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One Major Red Flag You're a Narcissist, Says New Study

A new study from NYU seeks to redefine our fundamental understanding of narcissism.

It's incredibly easy to find fault with those who walk through the world with a brazen sense of superiority—those who exaggerate themselves, feast on attention, flood their Instagram accounts with selfies, and expect to be showered with love and envy while reciprocating practically nothing. Chances are, they suffer from narcissistic personality disorder, which is defined by the health experts at The Mayo Clinic as a mental condition in which "people have an inflated sense of their own importance, a deep need for excessive attention and admiration, troubled relationships, and a lack of empathy for others." Anyone who has been in a relationship with a narcissist—whether it's a boss, a parent, or a partner or friend—can tell you how trying the experience can truly be.

However, all-new research conducted by scientists at New York University—and published in the July 2021 edition of the journal Personality and Individual Differences—seeks to redefine our fundamental understanding of what actually constitutes a true narcissist. Ultimately, the research makes a case for why true narcissists shouldn't necessarily draw your ire so much as your pity, understanding, and compassion.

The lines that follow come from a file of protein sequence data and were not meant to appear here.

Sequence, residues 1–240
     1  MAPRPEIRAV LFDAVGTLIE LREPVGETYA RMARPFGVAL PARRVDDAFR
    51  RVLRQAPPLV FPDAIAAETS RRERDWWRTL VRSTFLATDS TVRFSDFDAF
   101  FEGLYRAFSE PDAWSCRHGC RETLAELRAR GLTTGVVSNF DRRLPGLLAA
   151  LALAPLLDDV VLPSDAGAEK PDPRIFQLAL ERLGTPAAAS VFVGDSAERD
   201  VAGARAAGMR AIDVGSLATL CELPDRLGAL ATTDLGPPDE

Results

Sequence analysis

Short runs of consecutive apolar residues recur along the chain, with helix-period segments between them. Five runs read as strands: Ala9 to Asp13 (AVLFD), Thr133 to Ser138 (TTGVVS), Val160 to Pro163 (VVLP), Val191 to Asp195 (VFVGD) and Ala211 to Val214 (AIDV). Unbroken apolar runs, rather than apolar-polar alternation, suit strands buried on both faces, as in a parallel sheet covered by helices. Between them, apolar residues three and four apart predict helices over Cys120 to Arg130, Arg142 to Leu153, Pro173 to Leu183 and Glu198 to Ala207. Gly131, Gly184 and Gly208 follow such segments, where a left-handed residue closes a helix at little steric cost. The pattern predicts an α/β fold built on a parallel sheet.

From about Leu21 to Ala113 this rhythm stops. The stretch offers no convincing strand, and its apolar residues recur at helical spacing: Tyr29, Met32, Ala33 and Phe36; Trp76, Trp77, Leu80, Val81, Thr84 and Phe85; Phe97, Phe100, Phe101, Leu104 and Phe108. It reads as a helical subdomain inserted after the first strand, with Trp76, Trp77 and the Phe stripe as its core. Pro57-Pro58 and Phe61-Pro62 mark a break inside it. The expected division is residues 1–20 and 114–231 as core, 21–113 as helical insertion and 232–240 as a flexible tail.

"It's long been established that there are two types of narcissists: 'vulnerable' ones, who have low self-esteem and crave affirmation, and 'grandiose' ones, who have a genuinely overinflated sense of self," writes the BBC. However, the new study from NYU says that the grandiose variety are in fact likely psychopaths by definition and not even really narcissists—and that the biggest sign of true narcissist is not a drive for power and an upper-hand over others but is rather a drive to overcompensate for deep-rooted feelings of insecurity.

In other words: They despise themselves.

"They do not feel good about themselves at all," Pascal Wallisch, Ph.D, an associate professor at New York University and senior author of the study, explained to the BBC. "The paper is not to demonize narcissists at all—on the contrary, we need a lot more compassion."

Read on for more about this new research—and for the warning signs you can look out for to spot any narcissists in your life. And for more ways to understanding the power of your mind to lead a healthier life, make sure you're aware of The Single Most Effective Way to Work Out Every Day, Say Experts.

Psychopaths Want Power, Narcissists Want Status

narcissist woman wearing a crown

"Motivations and intentions matter" when distinguishing between a narcissist and someone who is displaying psychopathic tendencies, which by definition are lacking in empathy, says the study. "So how would one distinguish which of the two conditions drives any given behavior? Psychopaths are known to be motivated by a desire to attain power. In contrast, narcissism manifests as a desire to pursue status."